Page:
Don’t worry, this isn’t a political post, at least not overtly 🙂 It’s been hard to miss the news of the on-going Government Shutdown the past few weeks. While I believe a deal will be struck soon, or at least a stop-gap measure to re-open the government for a period of time, kicking the can down the road a bit further, one thing has really struck me with all the reporting:
The financial distress that most Americans feel by missing even one single paycheck.
Now, I am very sympathetic to anyone who has an agreement with an employer to get paid, that they get paid. I feel bad for all the federal employees. However, there are many jobs out there that have the potential for disruptions in pay, the federal government being one of them. It would be hard to say that you got blindsided when it seems like every few years there is a shutdown. Anyone who works for themselves has ebbs and flows with regard to income. For people to miss one paycheck and to then cause missed mortgage payments, rent payments, car payments, etc. speaks to a much, much bigger issue.
Americans for the most part live hand to mouth. Miss one paycheck and many people immediately can’t pay their creditors, and American have lots of creditors. There is little if any savings. In fact, my mind was blown when reading statistics such as 63% of Americans, 63%!! do not have $500 in savings.
People are loaded up on college loan debt, auto loan debt (does anyone pay cash for a car anymore?), consumer debt, credit card debt, mortgage debt, you name it.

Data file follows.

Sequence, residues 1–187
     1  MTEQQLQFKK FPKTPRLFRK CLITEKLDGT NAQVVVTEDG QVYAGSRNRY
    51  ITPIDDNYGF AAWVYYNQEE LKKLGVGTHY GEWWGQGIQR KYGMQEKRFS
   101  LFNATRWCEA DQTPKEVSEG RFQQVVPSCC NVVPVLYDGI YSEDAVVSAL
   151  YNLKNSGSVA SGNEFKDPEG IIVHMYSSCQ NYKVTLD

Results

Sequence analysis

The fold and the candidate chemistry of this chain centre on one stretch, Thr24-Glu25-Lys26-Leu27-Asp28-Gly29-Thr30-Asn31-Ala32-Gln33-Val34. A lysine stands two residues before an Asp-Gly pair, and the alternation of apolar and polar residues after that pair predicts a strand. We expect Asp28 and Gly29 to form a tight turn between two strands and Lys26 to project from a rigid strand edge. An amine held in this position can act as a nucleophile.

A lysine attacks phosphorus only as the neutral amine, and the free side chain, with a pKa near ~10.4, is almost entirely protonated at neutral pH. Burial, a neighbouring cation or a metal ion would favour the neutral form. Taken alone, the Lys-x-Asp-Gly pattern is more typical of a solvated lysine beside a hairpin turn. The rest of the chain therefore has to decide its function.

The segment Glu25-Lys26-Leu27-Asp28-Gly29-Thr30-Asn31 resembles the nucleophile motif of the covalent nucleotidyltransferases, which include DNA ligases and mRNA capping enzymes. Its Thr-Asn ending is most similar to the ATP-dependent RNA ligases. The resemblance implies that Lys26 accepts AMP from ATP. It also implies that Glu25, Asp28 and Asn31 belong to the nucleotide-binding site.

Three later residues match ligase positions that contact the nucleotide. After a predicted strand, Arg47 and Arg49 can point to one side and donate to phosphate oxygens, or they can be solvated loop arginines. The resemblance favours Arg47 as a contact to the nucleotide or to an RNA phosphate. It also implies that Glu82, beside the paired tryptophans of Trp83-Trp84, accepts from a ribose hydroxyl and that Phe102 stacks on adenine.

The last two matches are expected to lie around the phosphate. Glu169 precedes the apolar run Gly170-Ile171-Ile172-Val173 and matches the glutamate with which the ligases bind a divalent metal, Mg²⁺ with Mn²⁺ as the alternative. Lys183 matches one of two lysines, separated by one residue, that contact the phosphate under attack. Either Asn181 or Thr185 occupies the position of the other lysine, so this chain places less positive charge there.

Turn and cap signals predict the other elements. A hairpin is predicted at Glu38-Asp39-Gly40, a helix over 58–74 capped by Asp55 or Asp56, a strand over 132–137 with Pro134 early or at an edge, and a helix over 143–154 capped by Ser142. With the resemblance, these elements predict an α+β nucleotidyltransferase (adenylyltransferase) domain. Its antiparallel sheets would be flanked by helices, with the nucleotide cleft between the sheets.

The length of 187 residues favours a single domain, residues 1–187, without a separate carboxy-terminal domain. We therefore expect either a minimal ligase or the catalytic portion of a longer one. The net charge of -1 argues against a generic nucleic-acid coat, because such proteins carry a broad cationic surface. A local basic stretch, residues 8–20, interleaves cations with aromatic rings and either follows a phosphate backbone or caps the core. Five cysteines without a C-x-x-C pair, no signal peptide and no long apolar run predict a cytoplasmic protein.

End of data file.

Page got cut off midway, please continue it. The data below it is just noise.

The whole system is built on ever-expanding credit and low interest rates. Take automobiles, for instance. Since the interest rates have gone up, fewer people are buying new cars. The average price of a new car in the US is about $36,000. Robust and continually-growing sales only works with gimmicks like 0% financing for 6 years and the like. Once you take that away, the new vehicles become much much more expensive. And this is not even mentioning the price of gasoline at the pump, which is at the mercy of the oil markets. Down now, who knows what the future holds?
But what happens when the credit available contracts and the interest rates go up? Demand and consumption go down. That means GM closes plants. That means jobs go away. That means paychecks stop. That means defaults occur.
We live in a highly interconnected world, with highly complex, and also highly fragile systems.
Denver Real Estate
What does this mean for Denver Real Estate? Well, let’s face it, we are in a boom town here, and it’s gotten a lot more expensive. Real Estate alone is up nearly 60% since just 2011. How much more runway we have here is hard to say. As an example when viewed through the debt levels synopsis from above, Denver is a very young city in relative terms. Young people in general have less cash on hand, more debt, and are highly leveraged.
Home prices keep going up, yet at the same time interest rates ticked up, and we saw in 2018 the market fell off a cliff in July once rates crested 5%.
As mentioned earlier, these are complex systems, and oftentimes fragile. A relatively minor cause like missing one check, or an interest rate increase of 100 basis points can have huge ripple effects due to how our system, and our society runs.
What are your thoughts? Drop me a line or leave a comment below.